Thirumala Devaswom Temple is one of the most important temples in Mattancherry. Dedicated to Lord Venkatachalapathy, the sanctum sanctorum houses the idols of the lord with his consorts, Sreedevi and Bhoodevi on either side. Visitors can pay their respects to the shrines of Lord Hanuman, Lord Ganesha, Goddess Mahalakshmi and Garuda, a mythical bird and the vehicle of Lord Vishnu. The temple sees huge crowds when many festivals are organised in the months of November and April. The temple yard houses statues of Swami Vijayendra Theertha, a philosopher and a king of Vijayanagara. There is a holy tank as well. Of particular note is a huge bronze bell that is about four feet in diameter and six feet high. It is said that in earlier times, the chiming of the bell could be heard from afar. The temple was constructed in 1559.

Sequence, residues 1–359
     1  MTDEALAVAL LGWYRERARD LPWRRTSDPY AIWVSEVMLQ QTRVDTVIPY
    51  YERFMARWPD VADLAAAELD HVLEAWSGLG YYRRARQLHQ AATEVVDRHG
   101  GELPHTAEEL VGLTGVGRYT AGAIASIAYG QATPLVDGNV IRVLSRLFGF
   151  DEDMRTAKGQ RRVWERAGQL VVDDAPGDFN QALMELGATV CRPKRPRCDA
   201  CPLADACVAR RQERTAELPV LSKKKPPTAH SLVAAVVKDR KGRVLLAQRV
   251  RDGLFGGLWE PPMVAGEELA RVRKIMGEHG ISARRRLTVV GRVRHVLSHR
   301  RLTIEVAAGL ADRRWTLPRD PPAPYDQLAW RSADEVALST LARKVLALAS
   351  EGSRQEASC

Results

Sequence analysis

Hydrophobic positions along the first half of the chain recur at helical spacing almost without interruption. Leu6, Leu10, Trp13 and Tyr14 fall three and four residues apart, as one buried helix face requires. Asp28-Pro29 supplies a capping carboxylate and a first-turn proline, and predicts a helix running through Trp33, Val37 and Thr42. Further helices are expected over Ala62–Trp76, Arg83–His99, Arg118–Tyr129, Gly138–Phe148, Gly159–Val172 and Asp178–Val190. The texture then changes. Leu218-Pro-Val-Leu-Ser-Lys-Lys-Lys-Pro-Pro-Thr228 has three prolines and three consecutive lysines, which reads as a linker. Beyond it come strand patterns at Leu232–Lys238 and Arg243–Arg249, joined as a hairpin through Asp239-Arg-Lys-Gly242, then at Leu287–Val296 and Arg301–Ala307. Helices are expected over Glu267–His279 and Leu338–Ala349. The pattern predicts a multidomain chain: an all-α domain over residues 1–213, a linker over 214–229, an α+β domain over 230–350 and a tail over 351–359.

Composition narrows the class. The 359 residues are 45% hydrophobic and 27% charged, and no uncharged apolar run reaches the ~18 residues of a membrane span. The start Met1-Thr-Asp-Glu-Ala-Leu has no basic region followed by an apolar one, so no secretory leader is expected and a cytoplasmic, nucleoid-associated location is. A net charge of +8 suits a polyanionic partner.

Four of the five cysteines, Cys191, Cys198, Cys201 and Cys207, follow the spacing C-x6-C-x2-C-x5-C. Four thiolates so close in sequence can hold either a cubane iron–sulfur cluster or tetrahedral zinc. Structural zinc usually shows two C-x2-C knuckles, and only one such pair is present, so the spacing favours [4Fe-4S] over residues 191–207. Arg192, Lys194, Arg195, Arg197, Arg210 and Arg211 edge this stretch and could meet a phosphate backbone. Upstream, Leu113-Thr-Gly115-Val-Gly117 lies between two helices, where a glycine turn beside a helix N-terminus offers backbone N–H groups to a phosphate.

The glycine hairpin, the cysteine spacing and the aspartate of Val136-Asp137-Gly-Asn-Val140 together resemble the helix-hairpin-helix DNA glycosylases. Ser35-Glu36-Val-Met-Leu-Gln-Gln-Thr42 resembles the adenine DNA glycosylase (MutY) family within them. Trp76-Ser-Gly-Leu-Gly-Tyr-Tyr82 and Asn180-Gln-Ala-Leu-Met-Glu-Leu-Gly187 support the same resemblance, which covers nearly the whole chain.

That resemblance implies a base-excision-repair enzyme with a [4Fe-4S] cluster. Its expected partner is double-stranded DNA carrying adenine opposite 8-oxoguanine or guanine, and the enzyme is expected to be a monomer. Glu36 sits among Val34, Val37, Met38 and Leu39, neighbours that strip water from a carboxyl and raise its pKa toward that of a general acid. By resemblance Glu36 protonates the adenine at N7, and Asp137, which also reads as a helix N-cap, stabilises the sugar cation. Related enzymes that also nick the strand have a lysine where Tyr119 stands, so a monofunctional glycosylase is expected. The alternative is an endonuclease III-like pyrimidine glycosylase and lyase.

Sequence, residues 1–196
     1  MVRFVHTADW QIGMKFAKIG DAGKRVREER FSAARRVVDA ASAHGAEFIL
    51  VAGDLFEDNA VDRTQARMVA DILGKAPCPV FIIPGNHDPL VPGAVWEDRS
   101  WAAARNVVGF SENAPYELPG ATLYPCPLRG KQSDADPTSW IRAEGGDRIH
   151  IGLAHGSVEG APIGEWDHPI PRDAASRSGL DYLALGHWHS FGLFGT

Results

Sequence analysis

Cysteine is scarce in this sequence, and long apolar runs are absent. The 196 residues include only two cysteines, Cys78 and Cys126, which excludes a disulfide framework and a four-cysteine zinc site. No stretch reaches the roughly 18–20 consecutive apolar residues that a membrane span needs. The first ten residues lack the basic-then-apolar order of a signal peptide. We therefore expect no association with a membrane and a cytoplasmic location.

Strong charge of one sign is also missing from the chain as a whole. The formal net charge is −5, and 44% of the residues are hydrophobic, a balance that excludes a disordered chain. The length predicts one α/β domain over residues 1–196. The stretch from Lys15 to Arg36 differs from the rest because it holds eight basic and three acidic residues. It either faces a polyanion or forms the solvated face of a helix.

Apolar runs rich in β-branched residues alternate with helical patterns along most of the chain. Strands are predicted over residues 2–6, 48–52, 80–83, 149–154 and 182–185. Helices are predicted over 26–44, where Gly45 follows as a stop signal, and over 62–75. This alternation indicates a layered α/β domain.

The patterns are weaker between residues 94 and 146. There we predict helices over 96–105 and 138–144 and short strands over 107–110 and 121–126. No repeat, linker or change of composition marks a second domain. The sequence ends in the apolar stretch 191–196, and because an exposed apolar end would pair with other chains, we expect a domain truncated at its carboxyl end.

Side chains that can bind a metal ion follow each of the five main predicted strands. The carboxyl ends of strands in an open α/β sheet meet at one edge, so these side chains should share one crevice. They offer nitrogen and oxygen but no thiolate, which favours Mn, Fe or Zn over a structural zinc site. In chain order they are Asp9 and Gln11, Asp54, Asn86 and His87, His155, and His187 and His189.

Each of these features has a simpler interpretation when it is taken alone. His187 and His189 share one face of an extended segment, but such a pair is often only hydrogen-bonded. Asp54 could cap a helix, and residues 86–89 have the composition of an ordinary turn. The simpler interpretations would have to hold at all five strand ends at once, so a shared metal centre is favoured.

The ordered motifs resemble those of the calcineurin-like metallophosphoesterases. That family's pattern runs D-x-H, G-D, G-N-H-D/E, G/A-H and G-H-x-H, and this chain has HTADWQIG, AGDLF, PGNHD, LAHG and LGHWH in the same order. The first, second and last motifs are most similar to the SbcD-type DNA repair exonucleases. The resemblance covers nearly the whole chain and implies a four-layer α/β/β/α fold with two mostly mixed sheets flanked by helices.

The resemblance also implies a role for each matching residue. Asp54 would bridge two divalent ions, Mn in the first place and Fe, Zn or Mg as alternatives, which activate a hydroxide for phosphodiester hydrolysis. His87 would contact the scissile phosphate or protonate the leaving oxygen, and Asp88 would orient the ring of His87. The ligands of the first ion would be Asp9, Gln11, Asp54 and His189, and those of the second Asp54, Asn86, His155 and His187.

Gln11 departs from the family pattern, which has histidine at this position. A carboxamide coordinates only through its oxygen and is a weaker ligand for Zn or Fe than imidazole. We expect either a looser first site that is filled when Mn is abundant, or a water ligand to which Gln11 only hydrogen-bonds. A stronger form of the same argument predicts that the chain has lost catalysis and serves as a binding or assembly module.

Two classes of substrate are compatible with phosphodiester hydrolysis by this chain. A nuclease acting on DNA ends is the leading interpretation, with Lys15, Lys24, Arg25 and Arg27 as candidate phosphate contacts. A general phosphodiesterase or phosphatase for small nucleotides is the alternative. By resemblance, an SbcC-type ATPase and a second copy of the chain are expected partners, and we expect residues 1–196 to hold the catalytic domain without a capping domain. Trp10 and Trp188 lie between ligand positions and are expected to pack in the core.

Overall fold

Vaikom Shiva Temple (Vaikom, 10 kilometers south of Kochi) is dedicated to Lord Shiva and boasts marvelous Kerala-style architecture. Believed to have been founded by a Hindu sage, it is popularly called Kashi of the South. Devotees can also visit Ettumanoor Shiva Temple and Kaduthuruthy Thaliyil Mahadeva Temple. It is said that worshipping at all the three temples opens doors to a multitude of blessings. According to legend demon Kharasura once did severe penance and prayed to Lord Shiva to attain moksha or salvation. Lord Shiva granted him all his wishes and gave him three lingas, asking him to worship them to attain moksha. Kharasura carried one in his right hand, the other in his left hand and the third tied around his neck. After travelling for long he sat down to rest awhile. When he rose to continue his journey he realised that he couldn't lift the lingas. Upon hailing Lord Shiva, he was told that Lord Shiva would remain where he had been put down to give moksha to anyone who came here to worship him. So it is said that the lingam in the right hand is Vaikom, the left one Ettumanoor and the one on the neck is Kaduthuruthy. Udayanapuram (near Vaikom), know for its wood carvings and stone sculptures